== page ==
Obama 13,575,302 Clinton 13,281,636

Popular Vote (w/FL & MI)*
Obama 13,575,302 Clinton 13,609,945

Dr. Momentum said...

You make an interesting point about the popular vote. But that argument would be better made in the context of changing the primary system. It's not an argument for anything that could remedy the current situation. The popular vote doesn't count for any more than the number of states count. In fact it may count less since we have a system which involves caususes, which skews the meaning of a popular vote count.

For any candidate to become president he or she will still have to win in November, and will have been vetted by that race (and will hopefully get a majority of the popular vote as well).

I don't know how we can expect people to suddenly feel less intensely about politics. I appreciate your viewpoint and Chuck's as much as anyone else's, and more than most. But I can't enjoy the ride if it's not enjoyable. Or, part of the way I enjoy the ride is to be hypercritical of it. It's emotional!

You accuse Obama supporters of acting as if they are entitled to the nomination, but Hillary Clinton is no stranger to the idea of inevitability.

I think I agree that Hillary should not give up. I don't know anyone who is coming out and saying she should, but I'll take your word for it if you say that's what you're hearing. Where I disagree with you is in the tactics she's using. How does the 3AM phone call video promote Democratic party values? Shouldn't this be about how they can best represent values of Democrats?

You say the ongoing primary is a good thing. I say it would be if it hadn't begun to go negative. Is it really a good thing if Hillary beats on Obama by circulating a video which then is used by McCain to bash the both of them? That's not finding weaknesses, as you say -- that's handing them talking points. A few comments on a blog is nothing compared to the impact of that video, don't you think? McCain being able to point to Hillary's comments is a consequence of her attack, not a preexisting weakness of Obama's. Her attack is used in his attack.

You wrote: "The danger here is that the sides get so polarized that the election goes to McCain. That can only happen if people get pissed off about what’s going on."

We give our money and our time to these candidates and we're not supposed to get pissed off when we see a cheap shot?

I don't know anyone who cares about politics who doesn't have some sort of emotional reaction, even if that reaction is to be occasionally annoyed with the discussion.

I'm very glad you posted this. I understand your frustration. But people have a lot of justified disappointment in Hillary.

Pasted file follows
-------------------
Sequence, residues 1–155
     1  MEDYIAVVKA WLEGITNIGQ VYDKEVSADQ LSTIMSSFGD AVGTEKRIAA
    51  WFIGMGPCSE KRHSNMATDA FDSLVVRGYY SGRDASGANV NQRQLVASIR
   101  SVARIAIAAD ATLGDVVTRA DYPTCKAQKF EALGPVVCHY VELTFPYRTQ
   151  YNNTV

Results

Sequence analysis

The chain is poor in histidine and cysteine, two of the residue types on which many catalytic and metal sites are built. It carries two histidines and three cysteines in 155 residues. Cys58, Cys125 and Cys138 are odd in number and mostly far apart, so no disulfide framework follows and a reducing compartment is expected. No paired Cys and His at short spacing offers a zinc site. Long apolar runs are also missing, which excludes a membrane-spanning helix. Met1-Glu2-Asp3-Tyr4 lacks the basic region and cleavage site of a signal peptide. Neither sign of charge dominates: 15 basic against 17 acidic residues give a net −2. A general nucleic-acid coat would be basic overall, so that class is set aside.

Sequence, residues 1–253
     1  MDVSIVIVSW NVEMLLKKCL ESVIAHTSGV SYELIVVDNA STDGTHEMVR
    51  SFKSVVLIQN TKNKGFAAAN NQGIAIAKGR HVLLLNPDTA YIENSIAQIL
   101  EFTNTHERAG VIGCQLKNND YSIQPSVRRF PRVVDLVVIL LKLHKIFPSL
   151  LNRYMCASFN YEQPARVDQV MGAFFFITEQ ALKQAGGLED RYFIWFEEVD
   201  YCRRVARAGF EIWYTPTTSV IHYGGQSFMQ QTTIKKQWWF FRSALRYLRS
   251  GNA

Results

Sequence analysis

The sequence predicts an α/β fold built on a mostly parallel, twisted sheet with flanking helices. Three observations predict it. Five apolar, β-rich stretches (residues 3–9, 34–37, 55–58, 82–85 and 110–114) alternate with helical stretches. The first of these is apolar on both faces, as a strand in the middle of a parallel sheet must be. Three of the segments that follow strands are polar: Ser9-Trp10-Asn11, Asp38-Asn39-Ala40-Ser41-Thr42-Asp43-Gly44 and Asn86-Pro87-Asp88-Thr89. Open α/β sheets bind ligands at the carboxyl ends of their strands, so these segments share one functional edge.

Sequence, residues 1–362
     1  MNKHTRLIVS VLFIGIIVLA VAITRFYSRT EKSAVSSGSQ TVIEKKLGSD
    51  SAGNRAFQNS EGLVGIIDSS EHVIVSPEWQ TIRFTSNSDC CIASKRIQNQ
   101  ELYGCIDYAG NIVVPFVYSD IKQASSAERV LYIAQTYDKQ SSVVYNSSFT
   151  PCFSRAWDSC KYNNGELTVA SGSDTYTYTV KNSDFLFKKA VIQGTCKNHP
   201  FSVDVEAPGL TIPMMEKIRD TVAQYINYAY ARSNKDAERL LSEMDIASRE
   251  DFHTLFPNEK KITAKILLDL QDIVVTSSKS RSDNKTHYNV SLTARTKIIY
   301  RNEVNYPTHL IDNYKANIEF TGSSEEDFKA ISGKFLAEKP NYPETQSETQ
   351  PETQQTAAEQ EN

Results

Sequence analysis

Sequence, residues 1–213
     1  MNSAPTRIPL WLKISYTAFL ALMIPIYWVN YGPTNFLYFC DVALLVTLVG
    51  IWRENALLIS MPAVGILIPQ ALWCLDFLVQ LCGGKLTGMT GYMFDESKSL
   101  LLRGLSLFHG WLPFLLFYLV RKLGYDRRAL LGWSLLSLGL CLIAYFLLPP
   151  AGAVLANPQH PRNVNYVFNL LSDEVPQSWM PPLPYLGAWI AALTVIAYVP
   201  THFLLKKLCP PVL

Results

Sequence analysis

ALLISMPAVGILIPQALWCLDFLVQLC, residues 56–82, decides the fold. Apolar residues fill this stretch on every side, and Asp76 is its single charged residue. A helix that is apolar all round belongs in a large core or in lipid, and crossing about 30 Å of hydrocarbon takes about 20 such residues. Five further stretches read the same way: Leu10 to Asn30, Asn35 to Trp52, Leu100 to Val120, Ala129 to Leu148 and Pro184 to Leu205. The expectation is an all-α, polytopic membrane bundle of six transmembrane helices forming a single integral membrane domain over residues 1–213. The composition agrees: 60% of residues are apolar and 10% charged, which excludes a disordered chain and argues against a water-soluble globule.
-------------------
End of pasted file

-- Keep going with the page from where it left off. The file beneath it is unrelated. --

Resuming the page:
If I were to write something to support your point of view, I would say that Hillary is trying out a persona to see if it plays better with the American public. If that persona wins, then that is the kind of leadership the Democratic party wants. Its a way of finding the strongest message. That's actually a fair way to look at Senator Clinton.

Perhaps I don't want that kind of leadership, and I will be upset if the only two choices are between two different versions of the same sort of fearmongering in November. Isn't that a valid concern, even worth getting het up about?

B.O.B.(bob) said...

Thanks for the numebrs Mike. i didn't have time to look for them. I do think it's disingenous to include FL and Mi at this point (especially Mi). But those numebrs ARE remarkable. 25.4 to 27.2 million people have voted and we are 2% apart at most.

Do you really beleive that the republicans won't come up with this stuff on their own. If they bring it up in October Obama says "look i addressed that in March" or " you don't exactly have a lot of expirience with that your self" or "that's why i picked X as my running mate".

As a said in a coment elsewhere let's actually learn from history. The democrats have been the nice guys in the last two elections and look what it got them. i no longer care about the high road. The stupid general public wants blood sport so i say let's give it to them. this is not new. negative ads and attacks have been around as long as elections have been around. It's kind of like being annoyed that Spencer gifts carries semi pornographic stuff. I don't like it but i ignore it and know when i'm being lied to. I knew that swift boat add was a load of crap but you could argue it WON the election last time. It's one of the reasons i support Clinton. If she has a little of Bill's teflon going on then maybe taht will be the difference. I wish it was different but I wish a lot of things and that aint gonna make them happen.